starring Michael Fassbender, Rebecca Ferguson, Charlotte Gainsbourg, J.K. Simmons
screenplay by Peter Straughan and Hossein Amini and Søren Sveistrup, based on the novel by Jo Nesbø
directed by Tomas Alfredson
by Walter Chaw Tomas Alfredson's The Snowman, an adaptation of the seventh in Jo Nesbø's literary crime series, treats its narrative as gestural performance art: a suggestion of a suggestion of genre. When it's fascinating, it operates with a certain dream logic, where one thing leads to another thing senselessly, nightmarishly, the dreamer buoyed along powerless to affect his own fate within the larger, obscure narrative. Harrison Ford famously complained that Blade Runner is a movie about a detective who doesn't do any detecting. The Snowman is a movie about a detective who can't do any detecting because there isn't any connective tissue. No matter what the teasing notes left by its serial killer claim, there are no clues. It's very much like Andrew Fleming's own abortive attempt at a franchise, Nancy Drew, which is also alien in its behaviour, acting like a movie would act if it were made by a sea cucumber. Consider a scene in The Snowman that pushes the story to its conclusion: there's a revelation, a key piece of evidence or something, and a location, and the heroine, Katrine (Rebecca Ferguson), stands up at her desk. A male colleague, who was sitting in a cubicle across from Katrine, suddenly teleports to the balcony above her as she leaves. He asks if she's all right. The better question would be if there was so little footage shot that every bit of it was used, continuity be damned. The great Thelma Schoonmaker was brought in at the eleventh hour, presumably at the behest of executive producer Martin Scorsese (once slated to direct the film), in a presumed attempt to save the project. Schoonmaker, for everything she's great at, was never that great at continuity under the best of circumstances. Something Scorsese played around with in Shutter Island. Something that occasionally turns The Snowman into a Gertrude Stein piece.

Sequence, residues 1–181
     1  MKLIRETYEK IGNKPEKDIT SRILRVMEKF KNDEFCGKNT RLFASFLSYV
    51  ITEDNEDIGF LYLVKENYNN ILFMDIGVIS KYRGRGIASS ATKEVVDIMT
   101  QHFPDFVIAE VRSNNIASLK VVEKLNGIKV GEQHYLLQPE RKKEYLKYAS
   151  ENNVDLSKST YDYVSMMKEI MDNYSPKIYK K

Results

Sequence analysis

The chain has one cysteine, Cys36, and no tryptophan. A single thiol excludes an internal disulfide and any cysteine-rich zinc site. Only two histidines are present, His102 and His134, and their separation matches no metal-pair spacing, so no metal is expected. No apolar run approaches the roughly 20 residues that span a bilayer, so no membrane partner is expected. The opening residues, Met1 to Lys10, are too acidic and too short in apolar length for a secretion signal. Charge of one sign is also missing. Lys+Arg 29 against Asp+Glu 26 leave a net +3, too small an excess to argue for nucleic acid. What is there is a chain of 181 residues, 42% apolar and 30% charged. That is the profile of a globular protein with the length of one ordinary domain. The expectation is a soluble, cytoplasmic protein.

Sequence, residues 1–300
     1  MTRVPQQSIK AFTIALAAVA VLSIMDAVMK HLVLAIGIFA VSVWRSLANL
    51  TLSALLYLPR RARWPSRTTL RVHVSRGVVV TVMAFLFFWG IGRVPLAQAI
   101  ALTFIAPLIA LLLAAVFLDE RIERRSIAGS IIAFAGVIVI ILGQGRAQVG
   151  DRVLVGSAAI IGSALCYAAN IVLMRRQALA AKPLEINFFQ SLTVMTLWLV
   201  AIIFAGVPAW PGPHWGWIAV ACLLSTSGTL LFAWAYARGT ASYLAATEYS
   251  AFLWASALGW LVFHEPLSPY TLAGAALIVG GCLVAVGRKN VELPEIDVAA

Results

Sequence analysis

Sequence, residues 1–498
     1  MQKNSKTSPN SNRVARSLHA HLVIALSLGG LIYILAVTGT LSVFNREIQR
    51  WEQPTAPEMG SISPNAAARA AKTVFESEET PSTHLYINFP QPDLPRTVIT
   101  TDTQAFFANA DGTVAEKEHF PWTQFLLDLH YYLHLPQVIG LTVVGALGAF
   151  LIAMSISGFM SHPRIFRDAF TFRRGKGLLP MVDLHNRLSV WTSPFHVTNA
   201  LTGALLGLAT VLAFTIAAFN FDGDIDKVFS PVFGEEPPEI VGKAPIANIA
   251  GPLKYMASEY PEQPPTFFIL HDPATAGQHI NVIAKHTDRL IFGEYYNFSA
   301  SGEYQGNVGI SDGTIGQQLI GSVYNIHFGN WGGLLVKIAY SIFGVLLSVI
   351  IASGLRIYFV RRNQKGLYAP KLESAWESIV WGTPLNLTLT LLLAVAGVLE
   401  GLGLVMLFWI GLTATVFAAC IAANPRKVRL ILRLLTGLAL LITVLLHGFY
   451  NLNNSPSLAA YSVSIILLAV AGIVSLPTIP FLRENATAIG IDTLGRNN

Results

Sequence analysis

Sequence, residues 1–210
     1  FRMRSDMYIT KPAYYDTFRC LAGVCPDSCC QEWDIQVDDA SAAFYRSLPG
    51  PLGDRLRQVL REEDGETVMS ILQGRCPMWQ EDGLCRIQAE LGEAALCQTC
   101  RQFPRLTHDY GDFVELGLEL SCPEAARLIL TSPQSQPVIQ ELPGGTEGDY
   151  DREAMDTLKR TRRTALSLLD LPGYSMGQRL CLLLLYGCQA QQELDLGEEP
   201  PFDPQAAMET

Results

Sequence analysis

There are three timelines in The Snowman: the first giving backstory, suggesting the film is the result of a bad experience trying to learn Norwegian civics; the second featuring one of the strangest performances of the century by an ailing Val Kilmer as another alcoholic detective; the last featuring Harry and Katrine and a twist that isn't actually a twist because there's no plot to support it. The Snowman is stunningly incompetent in a way only possible when everyone involved is brilliant and accomplished. It's like the Titanic becoming the most ironic metaphor for hubris in the modern era. Movies this bad come along as a result of great arrogance--the idea that no matter how little preparation there was, or care in the adaptation, or time and money afforded in post-production, the result would be good. The last scene in the film, set on a frozen lake, is as unbelievably gorgeous as the action--Harry getting gunned down with Looney Tunes abruptness--is unbelievably silly. The Snowman is a pratfall by the prima ballerina of the Bolshoi. It's not without interest, and it deserves every ounce of the opprobrium it's attracted. In the final calculation, all its unintentional hilarity and boredom aside, it's not an altogether terrible adaptation of the Wallace Stevens poem "The Snow Man"--which is also not, as it happens, a good detective movie.